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Treating Parent-Infant Relationship Problems: Strategies for Intervention (Englisch) Gebundene Ausgabe – Januar 2004


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Pressestimmen

"This is an excellent resource for practitioners dealing with infants and their families. Theory is followed by practice, which helps the clinician use the material in session. The editors and contributors are renowned experts in this field....I highly recommend this book....3 Stars."--"Doody's Electronic Journal"
"This book offers a very timely and useful compilation of up-to-date therapeutic thinking about infant mental health, premised on the central importance of the mother/caregiver-infant relationship. The contributions are all remarkably accessibly and readers will readily relate to the description of the parent whose baby was labelled 'bad' in the maternity ward and her problems with him as a toddler."--"Children Now"


"This is an important and thought-provoking book that carries the field of infant mental health to a new level of synthesis and discovery. The research and practice described in this volume will help students, practitioners, and researchers recognize the challenges inherent in relationship-based activities, integrate the various strands that form the theoretical
framework of infant-parent mental health practice, and explore novel methodologies and approaches that will enhance the lives of caregivers and their infants."--Samuel J. Meisels, EdD, President, Erikson Institute
"This volume provides state-of-the-science knowledge for working with parents and infants. Experienced professionals as well as novices will find the book uniquely useful, whether they define their work as early intervention, infant mental health, or developmental care. The authors are all experts in dealing with relationship issues, and bring their evolving theoretical and clinical thinking to the chapters. Sameroff et al. have produced an ideal text for infancy-related graduate courses in psychology, social work, nursing, psychiatry, education, and occupational and physical therapy."--Kathryn E. Barnard RN, PhD, Center on Infant Mental Health and Development, University of Washington School of Nursing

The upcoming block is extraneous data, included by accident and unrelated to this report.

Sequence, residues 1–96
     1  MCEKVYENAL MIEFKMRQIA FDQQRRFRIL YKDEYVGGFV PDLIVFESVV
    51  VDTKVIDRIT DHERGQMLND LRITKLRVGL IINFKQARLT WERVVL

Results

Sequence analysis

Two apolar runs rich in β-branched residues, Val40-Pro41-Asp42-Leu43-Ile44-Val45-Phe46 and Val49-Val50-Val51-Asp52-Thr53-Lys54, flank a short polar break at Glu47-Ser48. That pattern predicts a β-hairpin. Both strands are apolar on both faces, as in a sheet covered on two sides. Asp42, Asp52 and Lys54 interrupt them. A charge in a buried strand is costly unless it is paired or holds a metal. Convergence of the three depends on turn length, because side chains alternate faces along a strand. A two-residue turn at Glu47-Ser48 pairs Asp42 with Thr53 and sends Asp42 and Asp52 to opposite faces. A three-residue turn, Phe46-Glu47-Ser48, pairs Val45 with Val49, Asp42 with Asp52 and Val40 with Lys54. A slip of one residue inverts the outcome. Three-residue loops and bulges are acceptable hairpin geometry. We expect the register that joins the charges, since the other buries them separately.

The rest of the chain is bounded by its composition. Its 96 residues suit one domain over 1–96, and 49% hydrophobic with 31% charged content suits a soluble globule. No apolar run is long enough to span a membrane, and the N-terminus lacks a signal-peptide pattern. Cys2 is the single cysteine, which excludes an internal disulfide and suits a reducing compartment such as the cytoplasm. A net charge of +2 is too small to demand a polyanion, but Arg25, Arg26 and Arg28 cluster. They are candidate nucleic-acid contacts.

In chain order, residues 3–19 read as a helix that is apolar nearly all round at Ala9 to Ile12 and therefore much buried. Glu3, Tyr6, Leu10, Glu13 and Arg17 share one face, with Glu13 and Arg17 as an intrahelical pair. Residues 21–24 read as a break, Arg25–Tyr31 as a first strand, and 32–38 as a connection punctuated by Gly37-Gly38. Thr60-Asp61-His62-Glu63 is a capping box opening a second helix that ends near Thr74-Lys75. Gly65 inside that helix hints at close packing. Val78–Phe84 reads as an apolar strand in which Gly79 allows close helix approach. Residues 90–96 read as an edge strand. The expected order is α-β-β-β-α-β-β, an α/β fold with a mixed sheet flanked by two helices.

"This is a landmark volume that forcefully reminds the field that relationships are the key to successful therapy and intervention. Both the early pioneers and the more recent innovators of this approach are well represented in this exciting and forward-looking collection. The inclusion of contributions from diverse fields makes this volume useful for a wide range of practitioners and scholars, including social workers, occupational therapists, pediatricians, psychiatrists, and psychologists. It should be required reading for developmentally and clinically oriented graduate students."--Ross D. Parke, PhD, Center for Family Studies, University of California, Riverside; past president, Society for Research in Child Development
"This long-overdue book meets a compelling need. The gap between what we know about early relationship problems and what we do to help parents and their young children is unacceptably wide. This book offers a wealth of knowledge that can help us narrow that gap. The editors have done a masterful job in bringing together a virtual 'who's who' in early childhood mental health, and in making their combined wisdom accessible to advanced students and practitioners."--Jack P. Shonkoff, MD, Heller School for Social Policy and Management, Brandeis University